Sometimes the rosh yeshibah would call in to see if the students attended to their studies. Besides there were "mashgiḥim" (supervisors), whose dutywas to watch the class-rooms as monitors and keep the students from idling. They served also in the capacity of censors or inquisitors, especially to see that no student smuggled into the yeshibah Neo-Hebrew books or modern literature, such as novels or works that developed "liberal" views on religion. Such books were characterized by the "mashgiaḥ" as "ṭerefah" and "pasul," i.e., not fit to be read. When a student was detected reading such a book he was reprimanded, fined, or suspended by the rosh yeshibah. The Volozhin mashgiḥim, however, did not go beyond the enclosure of the school, and the student was not interfered with outside of the yeshibah when reading "sefarim ḥiẓonim" (books outside of the Jewish sphere). These supervisors even encouraged the students to acquire secular knowledge in private, but those in other yeshibot were more strict in this respect.

The official hours of study extended from sunrise to sunset, time being allowed for prayers and meals; but the enthusiasm of some students knew no bounds, and they often studied till midnight. The yeshibah was open all night, and the cost of candles was a large item in its expenditure. Usually, however, the night sessions were suspended between the 15th of Iyyar and the 15th of Ab (three summer months) in compliance with the advice of R. Judah he-Ḥasid ("Sefer Ḥasidim," § 565, old ed.). Vacation time was in the holiday months of Nisan and Tishri, when the perushim went home to their families and the baḥurim to their parents to enjoy the holidays. Those who remained in Volozhin visited the house of the rosh yeshibah and entertained themselves by singing "zemirot" and drinking "le-ḥayyim," i.e., toasting long life to the rosh yeshibah. "At the conclusion of every 'zemer' [song] a student knocks with his fist on the table and cries, 'Hurrah for the rabbi!' and all answer, 'Hurrah, hurrah, hurrah!'" ("Ha-Shaḥar," viii. 166, note). Another enjoyable occasion was at the completion of a "masseket" or "seder" (Siyyum), when all students and invited guests participated in an elaborate meal.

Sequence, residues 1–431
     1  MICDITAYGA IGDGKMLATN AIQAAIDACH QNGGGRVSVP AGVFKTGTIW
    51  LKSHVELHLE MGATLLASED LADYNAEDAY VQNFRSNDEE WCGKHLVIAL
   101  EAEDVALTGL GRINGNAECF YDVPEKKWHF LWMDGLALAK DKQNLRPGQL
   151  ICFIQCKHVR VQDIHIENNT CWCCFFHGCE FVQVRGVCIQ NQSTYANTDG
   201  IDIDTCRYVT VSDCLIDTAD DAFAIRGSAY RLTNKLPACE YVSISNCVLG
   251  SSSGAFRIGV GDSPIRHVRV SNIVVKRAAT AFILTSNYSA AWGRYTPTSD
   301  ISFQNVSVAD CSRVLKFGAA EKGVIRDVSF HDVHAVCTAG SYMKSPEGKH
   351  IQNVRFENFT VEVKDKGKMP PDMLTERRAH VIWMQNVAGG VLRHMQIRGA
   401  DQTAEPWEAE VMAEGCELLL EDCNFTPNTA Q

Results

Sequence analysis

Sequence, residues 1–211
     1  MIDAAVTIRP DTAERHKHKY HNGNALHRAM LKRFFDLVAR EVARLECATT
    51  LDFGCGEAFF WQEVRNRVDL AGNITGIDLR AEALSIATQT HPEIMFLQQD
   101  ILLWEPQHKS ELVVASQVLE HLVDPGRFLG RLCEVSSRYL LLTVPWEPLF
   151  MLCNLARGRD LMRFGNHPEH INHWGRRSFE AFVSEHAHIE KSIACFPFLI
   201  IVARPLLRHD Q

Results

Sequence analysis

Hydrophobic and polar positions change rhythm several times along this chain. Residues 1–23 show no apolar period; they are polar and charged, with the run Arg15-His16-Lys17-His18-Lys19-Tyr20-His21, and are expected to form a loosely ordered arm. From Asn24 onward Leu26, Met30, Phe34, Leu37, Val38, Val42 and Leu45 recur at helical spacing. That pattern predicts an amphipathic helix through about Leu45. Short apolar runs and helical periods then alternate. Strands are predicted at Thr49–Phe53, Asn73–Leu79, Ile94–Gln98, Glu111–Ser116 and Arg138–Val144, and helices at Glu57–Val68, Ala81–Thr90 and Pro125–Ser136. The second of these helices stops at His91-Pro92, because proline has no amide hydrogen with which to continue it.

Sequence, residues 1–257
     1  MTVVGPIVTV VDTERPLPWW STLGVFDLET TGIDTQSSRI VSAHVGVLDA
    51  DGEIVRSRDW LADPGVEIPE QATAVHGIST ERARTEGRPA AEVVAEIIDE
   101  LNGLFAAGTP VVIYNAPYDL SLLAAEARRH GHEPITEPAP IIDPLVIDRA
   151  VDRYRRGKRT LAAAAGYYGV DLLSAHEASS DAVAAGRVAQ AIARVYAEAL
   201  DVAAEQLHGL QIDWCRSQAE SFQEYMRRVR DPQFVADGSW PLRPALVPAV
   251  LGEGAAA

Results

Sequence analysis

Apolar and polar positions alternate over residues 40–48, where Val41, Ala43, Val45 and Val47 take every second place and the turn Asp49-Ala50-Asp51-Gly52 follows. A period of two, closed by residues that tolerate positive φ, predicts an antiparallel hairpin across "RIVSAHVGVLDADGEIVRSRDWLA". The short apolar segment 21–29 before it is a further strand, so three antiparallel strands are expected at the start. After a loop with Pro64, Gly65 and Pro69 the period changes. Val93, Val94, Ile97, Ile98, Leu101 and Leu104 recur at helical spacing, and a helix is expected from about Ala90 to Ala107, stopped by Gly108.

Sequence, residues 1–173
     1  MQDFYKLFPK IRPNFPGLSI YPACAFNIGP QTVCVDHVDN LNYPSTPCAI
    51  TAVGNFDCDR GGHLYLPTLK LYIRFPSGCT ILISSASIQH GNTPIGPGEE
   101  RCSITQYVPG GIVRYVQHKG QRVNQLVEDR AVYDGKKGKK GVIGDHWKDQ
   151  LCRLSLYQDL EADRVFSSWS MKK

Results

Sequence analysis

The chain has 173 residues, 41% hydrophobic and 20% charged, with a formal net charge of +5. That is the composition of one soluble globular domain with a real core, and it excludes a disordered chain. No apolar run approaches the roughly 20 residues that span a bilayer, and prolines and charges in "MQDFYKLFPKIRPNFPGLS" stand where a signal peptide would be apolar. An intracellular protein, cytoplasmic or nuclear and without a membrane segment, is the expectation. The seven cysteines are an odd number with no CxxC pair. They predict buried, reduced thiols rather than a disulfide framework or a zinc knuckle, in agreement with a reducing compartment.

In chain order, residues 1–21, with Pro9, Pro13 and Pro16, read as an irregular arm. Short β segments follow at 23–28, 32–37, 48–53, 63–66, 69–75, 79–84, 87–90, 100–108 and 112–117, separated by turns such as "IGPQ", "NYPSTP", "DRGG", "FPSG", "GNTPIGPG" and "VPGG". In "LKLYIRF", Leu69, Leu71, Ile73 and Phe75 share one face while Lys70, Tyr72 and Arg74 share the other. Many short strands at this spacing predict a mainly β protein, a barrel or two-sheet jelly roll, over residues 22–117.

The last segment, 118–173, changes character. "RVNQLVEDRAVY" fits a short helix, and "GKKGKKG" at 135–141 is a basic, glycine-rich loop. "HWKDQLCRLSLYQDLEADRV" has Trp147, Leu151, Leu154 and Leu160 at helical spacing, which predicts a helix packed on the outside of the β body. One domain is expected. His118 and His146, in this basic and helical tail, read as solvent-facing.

Other Yeshibot in Russia.

In almost every Russian town with a large Jewish population there are yeshibot under the immediate supervision of the local rabbis, but account is taken here only of those which established a wide reputation and attracted students from the neighboring towns and foreign countries. The yeshibah of Minsk, presided over first by Aryeh Loeb, author of "Sha'agat Aryeh" (d. 1785), and later by Joshua Eisik Ḥarif, preceded the yeshibah of Volozhin. In 1831 a yeshibah was founded at Wilna by a band of forty young scholars, and was known as the "Ferziglach" (= "party of forty"). The rosh yeshibah was David Cohen, the "Kosover." In the same year a yeshibah named after R. Maila was organized there under the presidency of R. Mordecai and R. Eliezer Teitz. The Maila yeshibah still (1905) exists; and its cost of maintenance is about 5,000 rubles annually ("Oẓar ha-Sifrut," iv. 532; "Ha-Asif," 1885, p. 149). Two other yeshibot, one founded by Mordecai Melzer (Klatzki) and the other by Israel Salanter, were opposed to each other in the mode of learning, the former adopting the style of pilpul and the latter that of peshaṭ (logical reasoning).